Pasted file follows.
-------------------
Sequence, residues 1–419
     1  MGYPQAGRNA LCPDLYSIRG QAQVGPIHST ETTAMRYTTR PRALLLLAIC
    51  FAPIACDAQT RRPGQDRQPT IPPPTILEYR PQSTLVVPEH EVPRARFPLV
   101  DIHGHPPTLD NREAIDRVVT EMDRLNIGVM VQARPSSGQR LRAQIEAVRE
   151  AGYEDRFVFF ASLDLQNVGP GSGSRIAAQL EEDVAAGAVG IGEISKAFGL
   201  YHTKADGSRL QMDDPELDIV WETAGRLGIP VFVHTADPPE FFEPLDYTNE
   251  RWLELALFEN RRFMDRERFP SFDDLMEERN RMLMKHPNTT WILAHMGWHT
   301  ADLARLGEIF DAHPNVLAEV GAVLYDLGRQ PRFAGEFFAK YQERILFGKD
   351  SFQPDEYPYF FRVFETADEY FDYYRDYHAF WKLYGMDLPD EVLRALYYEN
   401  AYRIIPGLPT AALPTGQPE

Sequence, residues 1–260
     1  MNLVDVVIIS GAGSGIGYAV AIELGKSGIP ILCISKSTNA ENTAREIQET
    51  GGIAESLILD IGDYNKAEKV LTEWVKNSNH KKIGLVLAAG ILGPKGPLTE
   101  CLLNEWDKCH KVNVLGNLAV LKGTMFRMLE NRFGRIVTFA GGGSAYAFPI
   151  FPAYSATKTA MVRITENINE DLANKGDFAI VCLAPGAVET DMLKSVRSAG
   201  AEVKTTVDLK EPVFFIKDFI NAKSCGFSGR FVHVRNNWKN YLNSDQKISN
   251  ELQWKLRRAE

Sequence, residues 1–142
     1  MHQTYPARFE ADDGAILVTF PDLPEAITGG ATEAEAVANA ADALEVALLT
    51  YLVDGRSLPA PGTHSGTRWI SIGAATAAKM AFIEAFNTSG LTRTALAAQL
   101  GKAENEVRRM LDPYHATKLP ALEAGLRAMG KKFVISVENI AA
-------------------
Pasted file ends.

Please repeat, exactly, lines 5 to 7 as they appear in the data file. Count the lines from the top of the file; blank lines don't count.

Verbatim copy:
   151  AGYEDRFVFF ASLDLQNVGP GSGSRIAAQL EEDVAAGAVG IGEISKAFGL
   201  YHTKADGSRL QMDDPELDIV WETAGRLGIP VFVHTADPPE FFEPLDYTNE
   251  RWLELALFEN RRFMDRERFP SFDDLMEERN RMLMKHPNTT WILAHMGWHT